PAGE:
Class of 2021 Seniors Inducted into Phi Beta Kappa Honor Society
On Monday, April 26, 51 seniors from the School of General Studies (GS) were inducted to the New York Delta Chapter of the Phi Beta Kappa Society (PBK) during its annual Induction Ceremony. Professor Patricia Lindemann, President of the Delta Chapter, began the ceremony by welcoming the candidates, as well as faculty, families, and fellow new members of PBK, who came together from all over the world to virtually commemorate this achievement.
"Each one of you has worked incredibly hard to get to this moment. Each one of you has put in long, lonely hours of study. Each one of you has had to take your subject, whether it be philosophy, or anthropology, or biology, and sit with it, and work out the problems just for yourself," said Dean Lisa Rosen-Metsch, Vice President of the Delta Chapter. "Dedication, idealism, courage. Each of you has been working alone, first in Butler Library or the GS lounge, more recently in your own bedroom hundreds or thousands of miles away—but all of you have also been working together to make these values come to life at Columbia University."
Taking into consideration a students' academic performance—with grade point averages above 4.0, they are among the top in their class— as well as, their unique strength of character, integrity, and determination, GS elects no more than 10 percent of its graduating class to Phi Beta Kappa each year.
"The academic accomplishments of today’s inductees are astonishing. And yet, many of these students—in true GS tradition—have come to embrace their scholarly nature at a relatively late point in life. To get to where they are today, some of today’s inductees have had to overcome some serious obstacles—whether that be physical or mental illness, poverty, unemployment, harassment, incarceration, or addiction," said Victoria Rosner, Secretary of the Delta Chapter and Dean of Academic Affairs at GS. "Less determined individuals would have given up and settled for lives without a college degree. Our PBK inductees, by contrast, held onto their dreams."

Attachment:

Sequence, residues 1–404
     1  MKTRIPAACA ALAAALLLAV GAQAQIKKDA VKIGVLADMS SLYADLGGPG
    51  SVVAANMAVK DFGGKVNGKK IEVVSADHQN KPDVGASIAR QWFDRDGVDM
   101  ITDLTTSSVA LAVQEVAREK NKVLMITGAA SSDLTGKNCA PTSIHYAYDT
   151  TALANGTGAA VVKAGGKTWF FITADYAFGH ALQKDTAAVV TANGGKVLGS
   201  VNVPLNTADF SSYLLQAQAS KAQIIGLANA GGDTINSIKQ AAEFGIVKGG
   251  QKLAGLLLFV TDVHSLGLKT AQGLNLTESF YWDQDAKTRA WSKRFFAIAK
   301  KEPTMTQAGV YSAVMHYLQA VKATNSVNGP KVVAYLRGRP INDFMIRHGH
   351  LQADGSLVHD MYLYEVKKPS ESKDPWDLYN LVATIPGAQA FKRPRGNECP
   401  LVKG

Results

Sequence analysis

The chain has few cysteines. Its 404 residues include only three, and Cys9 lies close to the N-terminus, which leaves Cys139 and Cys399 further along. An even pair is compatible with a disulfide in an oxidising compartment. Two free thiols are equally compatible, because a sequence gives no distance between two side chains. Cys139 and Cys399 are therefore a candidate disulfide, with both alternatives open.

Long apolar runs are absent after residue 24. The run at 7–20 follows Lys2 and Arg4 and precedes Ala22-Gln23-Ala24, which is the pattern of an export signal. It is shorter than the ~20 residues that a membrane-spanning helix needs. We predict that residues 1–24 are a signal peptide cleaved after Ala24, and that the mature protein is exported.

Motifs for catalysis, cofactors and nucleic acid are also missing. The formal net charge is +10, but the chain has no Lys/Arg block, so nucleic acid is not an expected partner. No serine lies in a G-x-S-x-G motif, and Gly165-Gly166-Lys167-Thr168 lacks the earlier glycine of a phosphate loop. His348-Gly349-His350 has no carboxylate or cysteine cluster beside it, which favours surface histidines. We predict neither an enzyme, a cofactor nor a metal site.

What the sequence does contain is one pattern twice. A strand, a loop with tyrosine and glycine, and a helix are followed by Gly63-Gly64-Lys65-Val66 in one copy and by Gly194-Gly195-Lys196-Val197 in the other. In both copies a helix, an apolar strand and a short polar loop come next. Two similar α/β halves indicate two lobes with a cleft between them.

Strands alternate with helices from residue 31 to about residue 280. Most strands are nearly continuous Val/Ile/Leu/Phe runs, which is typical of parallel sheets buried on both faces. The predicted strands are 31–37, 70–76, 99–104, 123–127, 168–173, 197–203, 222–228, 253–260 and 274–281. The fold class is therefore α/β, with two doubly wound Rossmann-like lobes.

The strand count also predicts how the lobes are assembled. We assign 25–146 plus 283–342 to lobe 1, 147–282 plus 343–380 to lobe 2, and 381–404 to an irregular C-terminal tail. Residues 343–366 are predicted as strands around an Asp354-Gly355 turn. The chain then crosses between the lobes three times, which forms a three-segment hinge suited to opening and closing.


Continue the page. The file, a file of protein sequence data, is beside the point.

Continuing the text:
"Among those who are honored today, we have a chef, an international model, several veterans, actors, musicians, farmers, athletes, avionics technicians, carpenters, grocers, perfumers, designers, retailers, photographers, baristas, teachers, writers, and more. And should you fear a dearth of conversation on our hypothetical PBK planet, rest assured: among our inductees are those who can speak Mandarin and Cantonese; French and Spanish; Ukrainian and Turkish; Hebrew and Arabic; and Portuguese and Greek."
Inductees include students from the Joint Degree Program with List College of the Jewish Theological Seminary, the Dual BA Program Between Columbia University and Sciences Po, the Dual BA between Columbia and Trinity College Dublin, and the Joint Bachelor’s Degree Program between City University of Hong Kong and Columbia University, in addition to students who began their undergraduate educations in community college before transferring to Columbia.
Upon pledging to "be true and faithful to Phi Beta Kappa, uphold its standards, obey its laws and seek to reflect credit upon [their] affiliation with this venerable fellowship of learners," the exceptional candidates became full-fledged members of Phi Beta Kappa.
Class of 2021 Phi Beta Kappa Inductees
Charlotte Taomi Behrens
Luisa Bridi Dacroce
Tze Han Foo
Victoria Pozzi Rocco Belforti
Linda Berenice Sylverain
Thu Phuong To
Founded in 1776, Phi Beta Kappa is the nation's oldest academic honor society, and its initials represent the society's motto: "love of learning is the guide of life." Roughly 10 percent of U.S. institutions of higher learning have Phi Beta Kappa chapters, and among those institutions, only about 10 percent of arts and sciences graduates are selected for membership, making it one of the highest academic honors for undergraduate students in the nation. Today, the Society has more than 500,000 living members.
To be inducted into the Phi Beta Kappa Society, students must be recommended by faculty who work closely with them and are members of the Phi Beta Kappa Society. Recommendations are based on the students' academic programs and their ability to support the society's ideals of academic, social, and community-based programs.